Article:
Any time you are running a business you have a greater exposure to liability. It is important that you develop a structure or entity for your business to protect your personal assets from being subject to any potential judgment against your business. This is called asset protection.
One type of legal entity in South Carolina we commonly use to achieve this goal for small businesses is the Limited Liability Company, also known as an LLC. LLC’s are popular because they provide protection from liability and flexibility in taxation. Additionally, they have less formal requirements than corporations.
Governed by the Uniform Limited Liability Act of 1996, South Carolina law provides for the organization of an LLC by simply filing the Articles of Organization with the South Carolina Secretary of State. To best set up your LLC for asset protection, you will need to 1) ensure you properly organize your LLC with the Secretary of State; 2) have an attorney prepare the requisite company documents; 3) consult with a tax specialist on specific tax election you should make for your LLC, and 4) operate the LLC according to the law’s requirements to maintain protection.
To be properly organized, we recommend you always hire an attorney to complete this process for you. The Articles of Organization will identify the name of your LLC as well as the registered agent for your business. In addition to the Articles of Organization, you will need to have prepared an Operating Agreement, retrieve a federal tax identification number for your business and open up a banking account separate from your personal accounts.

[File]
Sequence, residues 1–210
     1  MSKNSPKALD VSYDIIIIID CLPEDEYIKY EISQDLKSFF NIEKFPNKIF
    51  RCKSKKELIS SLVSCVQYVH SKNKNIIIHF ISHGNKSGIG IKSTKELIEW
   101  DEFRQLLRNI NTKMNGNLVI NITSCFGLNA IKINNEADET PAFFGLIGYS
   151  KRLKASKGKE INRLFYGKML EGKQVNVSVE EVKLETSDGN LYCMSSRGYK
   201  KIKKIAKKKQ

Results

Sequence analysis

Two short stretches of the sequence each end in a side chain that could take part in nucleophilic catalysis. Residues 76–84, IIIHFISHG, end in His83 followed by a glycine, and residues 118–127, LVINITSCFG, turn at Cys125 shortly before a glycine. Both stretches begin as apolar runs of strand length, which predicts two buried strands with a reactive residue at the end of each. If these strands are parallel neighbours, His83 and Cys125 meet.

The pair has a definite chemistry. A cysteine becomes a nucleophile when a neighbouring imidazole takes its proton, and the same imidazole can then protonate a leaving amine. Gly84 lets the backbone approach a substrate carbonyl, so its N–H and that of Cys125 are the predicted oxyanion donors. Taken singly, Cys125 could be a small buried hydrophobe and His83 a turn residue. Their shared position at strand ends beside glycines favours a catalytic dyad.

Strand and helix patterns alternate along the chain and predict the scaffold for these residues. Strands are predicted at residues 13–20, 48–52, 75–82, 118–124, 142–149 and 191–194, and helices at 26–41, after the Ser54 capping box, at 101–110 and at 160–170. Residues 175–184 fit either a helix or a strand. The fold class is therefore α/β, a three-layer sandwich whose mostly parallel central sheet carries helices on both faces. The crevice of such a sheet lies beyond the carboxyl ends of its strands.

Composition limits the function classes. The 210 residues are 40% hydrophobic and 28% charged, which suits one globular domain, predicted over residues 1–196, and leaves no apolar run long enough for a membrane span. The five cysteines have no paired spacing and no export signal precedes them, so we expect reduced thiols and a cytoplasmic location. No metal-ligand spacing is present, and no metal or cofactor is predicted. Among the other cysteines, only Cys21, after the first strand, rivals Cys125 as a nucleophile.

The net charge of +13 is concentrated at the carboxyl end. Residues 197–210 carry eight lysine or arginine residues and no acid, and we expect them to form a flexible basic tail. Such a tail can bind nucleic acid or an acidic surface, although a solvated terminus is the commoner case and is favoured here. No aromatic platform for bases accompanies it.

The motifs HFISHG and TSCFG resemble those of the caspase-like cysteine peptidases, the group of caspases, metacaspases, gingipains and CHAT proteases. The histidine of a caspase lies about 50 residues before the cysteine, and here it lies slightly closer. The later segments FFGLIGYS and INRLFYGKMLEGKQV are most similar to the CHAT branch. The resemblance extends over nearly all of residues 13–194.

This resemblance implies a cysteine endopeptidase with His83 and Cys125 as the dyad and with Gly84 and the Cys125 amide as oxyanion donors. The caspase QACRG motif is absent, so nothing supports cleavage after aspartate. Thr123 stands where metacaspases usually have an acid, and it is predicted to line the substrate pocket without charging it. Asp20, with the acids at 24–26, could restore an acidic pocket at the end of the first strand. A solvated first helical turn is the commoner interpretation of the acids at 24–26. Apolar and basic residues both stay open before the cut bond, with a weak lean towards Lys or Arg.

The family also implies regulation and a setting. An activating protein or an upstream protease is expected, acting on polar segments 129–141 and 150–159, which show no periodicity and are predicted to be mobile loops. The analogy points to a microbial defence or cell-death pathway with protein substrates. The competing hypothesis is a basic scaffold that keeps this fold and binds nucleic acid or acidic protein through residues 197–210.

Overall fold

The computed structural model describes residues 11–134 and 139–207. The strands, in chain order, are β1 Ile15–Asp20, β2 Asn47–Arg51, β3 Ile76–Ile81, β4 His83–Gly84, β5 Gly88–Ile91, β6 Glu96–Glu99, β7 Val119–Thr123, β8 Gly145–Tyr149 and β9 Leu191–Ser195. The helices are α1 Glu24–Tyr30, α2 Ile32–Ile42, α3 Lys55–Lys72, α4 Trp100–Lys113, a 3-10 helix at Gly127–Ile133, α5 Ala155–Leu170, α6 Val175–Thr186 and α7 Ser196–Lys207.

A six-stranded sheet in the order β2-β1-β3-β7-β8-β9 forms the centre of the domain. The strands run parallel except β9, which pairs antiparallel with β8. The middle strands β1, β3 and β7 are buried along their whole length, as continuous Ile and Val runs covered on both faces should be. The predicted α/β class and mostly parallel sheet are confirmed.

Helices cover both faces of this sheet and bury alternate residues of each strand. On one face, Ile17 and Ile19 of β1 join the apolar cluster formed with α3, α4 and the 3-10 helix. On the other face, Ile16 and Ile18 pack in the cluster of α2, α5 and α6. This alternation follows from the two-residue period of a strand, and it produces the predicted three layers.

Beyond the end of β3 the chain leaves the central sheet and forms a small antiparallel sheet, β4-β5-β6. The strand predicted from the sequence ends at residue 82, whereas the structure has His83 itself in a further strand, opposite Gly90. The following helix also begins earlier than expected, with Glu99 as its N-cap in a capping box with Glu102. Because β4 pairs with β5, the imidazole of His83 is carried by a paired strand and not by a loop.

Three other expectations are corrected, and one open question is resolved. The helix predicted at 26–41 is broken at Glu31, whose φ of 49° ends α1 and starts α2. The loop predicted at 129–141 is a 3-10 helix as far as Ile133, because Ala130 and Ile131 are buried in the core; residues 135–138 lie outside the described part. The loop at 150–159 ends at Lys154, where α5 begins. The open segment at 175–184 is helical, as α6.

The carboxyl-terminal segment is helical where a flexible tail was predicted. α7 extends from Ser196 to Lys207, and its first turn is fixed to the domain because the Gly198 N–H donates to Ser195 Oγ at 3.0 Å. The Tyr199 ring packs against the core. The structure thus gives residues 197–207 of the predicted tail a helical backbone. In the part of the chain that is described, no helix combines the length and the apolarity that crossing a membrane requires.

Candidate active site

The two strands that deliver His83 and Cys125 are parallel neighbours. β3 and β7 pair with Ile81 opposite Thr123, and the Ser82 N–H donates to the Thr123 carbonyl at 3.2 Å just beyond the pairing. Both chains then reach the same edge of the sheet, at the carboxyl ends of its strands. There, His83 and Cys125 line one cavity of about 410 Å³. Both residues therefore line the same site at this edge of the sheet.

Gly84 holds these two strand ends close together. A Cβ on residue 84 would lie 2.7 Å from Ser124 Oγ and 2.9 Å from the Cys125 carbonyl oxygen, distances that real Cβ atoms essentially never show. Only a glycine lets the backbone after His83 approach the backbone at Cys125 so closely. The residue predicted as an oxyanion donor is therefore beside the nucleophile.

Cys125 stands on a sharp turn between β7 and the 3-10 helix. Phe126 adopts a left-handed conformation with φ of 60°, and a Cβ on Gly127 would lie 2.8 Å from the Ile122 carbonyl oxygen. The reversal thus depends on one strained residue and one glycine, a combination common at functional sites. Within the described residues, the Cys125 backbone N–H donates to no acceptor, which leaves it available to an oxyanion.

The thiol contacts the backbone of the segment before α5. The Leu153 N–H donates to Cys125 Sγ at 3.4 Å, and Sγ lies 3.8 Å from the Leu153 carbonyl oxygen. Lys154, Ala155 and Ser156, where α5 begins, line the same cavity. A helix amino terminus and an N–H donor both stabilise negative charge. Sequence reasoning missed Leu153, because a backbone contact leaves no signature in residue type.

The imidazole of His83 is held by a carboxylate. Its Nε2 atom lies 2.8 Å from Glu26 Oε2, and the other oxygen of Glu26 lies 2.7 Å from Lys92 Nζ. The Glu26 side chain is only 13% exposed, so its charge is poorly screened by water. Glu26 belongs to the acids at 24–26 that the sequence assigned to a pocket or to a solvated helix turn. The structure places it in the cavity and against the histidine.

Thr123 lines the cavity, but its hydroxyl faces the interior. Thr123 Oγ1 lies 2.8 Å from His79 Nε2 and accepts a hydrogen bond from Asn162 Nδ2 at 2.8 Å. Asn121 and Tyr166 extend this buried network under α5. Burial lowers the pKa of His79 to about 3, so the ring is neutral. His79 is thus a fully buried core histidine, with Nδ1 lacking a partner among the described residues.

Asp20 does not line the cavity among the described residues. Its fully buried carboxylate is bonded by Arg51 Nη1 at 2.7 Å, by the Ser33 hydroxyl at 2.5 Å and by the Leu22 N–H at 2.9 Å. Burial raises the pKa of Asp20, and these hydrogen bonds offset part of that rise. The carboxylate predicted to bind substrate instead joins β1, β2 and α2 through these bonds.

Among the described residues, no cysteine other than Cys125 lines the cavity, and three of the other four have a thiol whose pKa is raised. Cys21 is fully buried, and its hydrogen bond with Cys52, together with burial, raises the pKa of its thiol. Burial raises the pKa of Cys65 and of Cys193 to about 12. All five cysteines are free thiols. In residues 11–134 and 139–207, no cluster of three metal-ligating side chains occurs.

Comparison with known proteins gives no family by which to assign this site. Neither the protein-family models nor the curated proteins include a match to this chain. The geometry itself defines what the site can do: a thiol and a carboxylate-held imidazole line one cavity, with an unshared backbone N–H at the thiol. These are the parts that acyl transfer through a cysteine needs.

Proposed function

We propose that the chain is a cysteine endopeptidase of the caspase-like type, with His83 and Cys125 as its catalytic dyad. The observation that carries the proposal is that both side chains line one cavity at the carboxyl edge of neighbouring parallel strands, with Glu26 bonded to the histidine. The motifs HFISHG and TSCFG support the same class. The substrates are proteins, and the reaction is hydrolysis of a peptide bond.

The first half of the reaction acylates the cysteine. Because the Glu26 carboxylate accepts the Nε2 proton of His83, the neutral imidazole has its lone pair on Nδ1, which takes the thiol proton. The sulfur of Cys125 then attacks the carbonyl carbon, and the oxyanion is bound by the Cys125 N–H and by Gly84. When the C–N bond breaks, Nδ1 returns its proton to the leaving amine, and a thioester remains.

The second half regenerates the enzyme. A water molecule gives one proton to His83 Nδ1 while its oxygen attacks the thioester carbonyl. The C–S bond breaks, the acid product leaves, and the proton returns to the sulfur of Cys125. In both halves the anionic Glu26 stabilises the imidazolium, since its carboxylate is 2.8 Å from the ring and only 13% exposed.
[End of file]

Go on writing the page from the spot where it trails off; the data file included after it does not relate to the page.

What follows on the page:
The operating agreement is highly recommended to ensure your company operates smoothly. The operating agreement can be very simple to complex. This is the legal document that outlines the membership of your company. An LLC’s owners are called members. You may form a single-member LLC or have multiple members. You may also structure your LLC to be manager-managed which would allow a manager who is a non-member to act on behalf of the company. Your operating agreement needs to address membership, who has authority to act on behalf of your company, capital contributions of the members, dissolution of the company and more.
It is important to note that you should consult with a tax specialist, CPA or accountant regarding your business and personal taxes. One of the great attributes of an LLC is the flexibility it provides in taxation. You can elect the tax treatment that best suits your business and your personal circumstances without changing the legal structure of the company. You may elect to be taxed as a sole proprietor or as an s-corporation, or any other type of available tax election that you may choose based on your needs and goals. A CPA can assist you with making this decision and file the appropriate paperwork to be sure you achieve the best tax treatment for your business.
Operating Your LLC
Asset protection requires that you not only create the proper entity but that you operate it according to the laws of the state to maintain those protections over time. South Carolina case law has recognized an equitable remedy available to Plaintiffs referred to as piercing the corporate veil. This remedy can be achieved by the Plaintiff if the requisite elements are established allowing the Plaintiff to set aside the protections of the legal entity and reach the personal assets of the owner. Operating your LLC according to the requirements of the law is necessary to be sure you avoid this type of remedy in the event of a lawsuit. In operating your LLC you will need to be sure your personal and business funds, expenses and accounts are kept separate at all times; you observe formalities required of businesses, such as keeping meeting notes and minutes, agreements of the members in written form, have readily available company records; be sure your company is properly capitalized and insured; and further take steps to ensure the business is not simply a mere façade for the operations of the owner.